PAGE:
The S&P/ASX 200 looks likely to follow Wall Street lower, but there should be winners within the selling. US sector action indicated a divided market.

The three sectors dominated by Big Tech (tech, communication services, consumer discretionary) were pummelled, losing between 1.5 and 3.6 per cent. However, energy, materials and utilities defied the downtrend. The energy sector bounced 1.37 per cent, utilities 0.77 per cent and materials a slim 0.03 per cent.

BHP and Rio Tinto rebounded strongly in UK trade before broader market weakness capped their gains in US trade. BHP‘s UK stock climbed 3.67 per cent. The miner’s US-traded depositary receipts edged up 0.4 per cent. Similarly, Rio Tinto gained 3.76 per cent in the UK and 0.49 per cent in the US.

The banks loom as a possible headwind. US financials fell 1 per cent. Industrials dropped 0.93 per cent.

The 7000 level should provide technical support for the ASX 200 if the selling gains momentum. The index has has tested that level twice this week and recovered.

The Australian benchmark yesterday swung from a 59-point opening loss to a gain of 13.5 points or 0.2 per cent after buyers entered around the 7000 level. That appetite may be tested again today.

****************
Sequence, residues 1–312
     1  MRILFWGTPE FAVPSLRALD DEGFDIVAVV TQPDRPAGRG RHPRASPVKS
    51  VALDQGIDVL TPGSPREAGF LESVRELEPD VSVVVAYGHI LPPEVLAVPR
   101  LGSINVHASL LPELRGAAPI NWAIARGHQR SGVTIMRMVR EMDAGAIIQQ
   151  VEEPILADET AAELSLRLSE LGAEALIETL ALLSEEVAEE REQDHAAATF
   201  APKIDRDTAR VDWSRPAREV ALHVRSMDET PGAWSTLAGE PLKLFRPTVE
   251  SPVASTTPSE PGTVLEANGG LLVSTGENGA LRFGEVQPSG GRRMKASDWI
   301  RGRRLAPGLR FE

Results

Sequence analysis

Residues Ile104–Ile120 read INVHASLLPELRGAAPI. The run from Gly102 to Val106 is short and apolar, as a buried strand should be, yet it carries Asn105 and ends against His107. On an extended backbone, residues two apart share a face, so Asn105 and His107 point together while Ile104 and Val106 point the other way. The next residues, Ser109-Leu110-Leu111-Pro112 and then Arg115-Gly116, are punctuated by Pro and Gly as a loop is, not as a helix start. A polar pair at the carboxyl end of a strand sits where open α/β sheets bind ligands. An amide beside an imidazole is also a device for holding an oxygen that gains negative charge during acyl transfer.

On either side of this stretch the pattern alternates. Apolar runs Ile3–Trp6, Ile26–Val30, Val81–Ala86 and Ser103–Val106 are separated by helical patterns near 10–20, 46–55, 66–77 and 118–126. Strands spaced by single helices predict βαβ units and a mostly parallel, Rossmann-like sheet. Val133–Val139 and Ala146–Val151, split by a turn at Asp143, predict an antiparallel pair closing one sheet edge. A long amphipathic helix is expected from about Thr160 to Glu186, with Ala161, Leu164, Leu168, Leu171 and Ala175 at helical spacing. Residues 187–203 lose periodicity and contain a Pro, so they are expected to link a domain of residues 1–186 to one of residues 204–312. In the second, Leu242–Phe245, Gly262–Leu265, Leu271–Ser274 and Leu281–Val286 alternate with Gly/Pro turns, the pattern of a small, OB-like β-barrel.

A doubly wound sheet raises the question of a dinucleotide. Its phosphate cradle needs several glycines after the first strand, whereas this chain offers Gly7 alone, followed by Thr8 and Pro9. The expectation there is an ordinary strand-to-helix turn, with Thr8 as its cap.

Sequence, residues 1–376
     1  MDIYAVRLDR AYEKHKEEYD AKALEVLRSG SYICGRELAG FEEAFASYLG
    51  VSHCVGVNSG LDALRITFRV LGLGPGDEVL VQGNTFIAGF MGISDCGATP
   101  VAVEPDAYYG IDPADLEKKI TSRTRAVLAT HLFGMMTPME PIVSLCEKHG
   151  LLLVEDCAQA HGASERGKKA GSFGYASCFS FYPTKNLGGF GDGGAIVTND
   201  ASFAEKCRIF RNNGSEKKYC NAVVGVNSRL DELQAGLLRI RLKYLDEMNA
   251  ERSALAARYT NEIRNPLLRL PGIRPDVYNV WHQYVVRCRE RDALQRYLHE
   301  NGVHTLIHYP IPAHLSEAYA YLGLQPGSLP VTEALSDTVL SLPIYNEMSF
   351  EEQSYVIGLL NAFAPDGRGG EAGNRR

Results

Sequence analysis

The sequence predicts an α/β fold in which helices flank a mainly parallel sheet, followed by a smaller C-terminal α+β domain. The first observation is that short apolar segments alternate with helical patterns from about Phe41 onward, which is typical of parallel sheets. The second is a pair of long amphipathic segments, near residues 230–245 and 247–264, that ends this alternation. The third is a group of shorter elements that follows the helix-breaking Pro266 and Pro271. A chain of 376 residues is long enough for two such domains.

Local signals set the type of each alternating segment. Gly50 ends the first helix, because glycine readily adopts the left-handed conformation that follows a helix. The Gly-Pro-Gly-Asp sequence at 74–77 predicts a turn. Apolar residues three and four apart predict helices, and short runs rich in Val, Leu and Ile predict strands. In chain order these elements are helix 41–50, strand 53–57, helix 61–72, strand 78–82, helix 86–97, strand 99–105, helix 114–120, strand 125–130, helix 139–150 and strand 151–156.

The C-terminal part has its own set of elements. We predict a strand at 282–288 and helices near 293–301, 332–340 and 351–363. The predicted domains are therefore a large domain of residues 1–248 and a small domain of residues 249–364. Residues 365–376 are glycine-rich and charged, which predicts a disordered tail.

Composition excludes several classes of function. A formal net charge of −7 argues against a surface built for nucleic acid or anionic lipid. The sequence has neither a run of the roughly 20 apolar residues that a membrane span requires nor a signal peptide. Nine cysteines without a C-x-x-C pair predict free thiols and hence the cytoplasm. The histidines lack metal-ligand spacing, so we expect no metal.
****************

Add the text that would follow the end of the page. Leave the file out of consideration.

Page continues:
On the economic calendar, the Melbourne Institute’s monthly survey of consumer inflation expectations was scheduled for release at 11 am AEST.

AGM season brings meetings today for shareholders in Tabcorp, Ampol, Sigma Health and Waypoint REIT.

IPOs: the listing of Bellavista  Resources has been pushed back to May 25.

The dollar edged up 0.05 per cent this morning to 69.36 US cents.


Iron ore bounced more than 5 per cent on the Dalian Commodity Exchange after Shanghai announced half of the port city was clear of Covid. Buying interest was also encouraged by reports of increased activity in the steel-producing province of Tangshan.

“The impact on areas such as Tangshan is easing, and raw materials’ transportation has resumed,” analysts with Haitong Futures wrote.

The most-traded contract on the DCE briefly surged 6.6 per cent before closing 5.3 per cent ahead at 821 yuan a tonne. The spot price for ore landed in China bounced US$3.93 or 3 per cent to US$134.20 a tonne.

Energy traders piled back into oil amid expectations for a pick-up in Chinese demand. Brent crude settled US$5.05 or 4.9 per cent ahead at US$107.51 a barrel. The US benchmark jumped 6 per cent to US$105.71.

Copper and most industrial metals also rebounded. Benchmark copper on the London Metal Exchange rose 1.3 per cent to US$9,358.75 a tonne. Aluminium improved 0.9 per cent, lead 0.2 per cent, zinc 2.1 per cent and tin 0.7 per cent. Nickel declined 2.1 per cent.

Gold recovered from a three-month low as the US inflation report encouraged hedging. Metal for June delivery settled US$12.70 or 0.7 per cent higher at US$1,853.70 an ounce. The NYSE Arca Gold Bugs Index dipped 0.25 per cent.

“Today’s inflation report proves that Fed Chair Powell made a mistake last week when he removed the option of a 75-basis point rate hike at the next policy meeting,” Edward Moya, senior market analyst at Oanda, wrote.

“The overall takeaway for much of Wall Street however is that the Fed is still poised to deliver consecutive half-point rate increases at the June and July FOMC meetings.”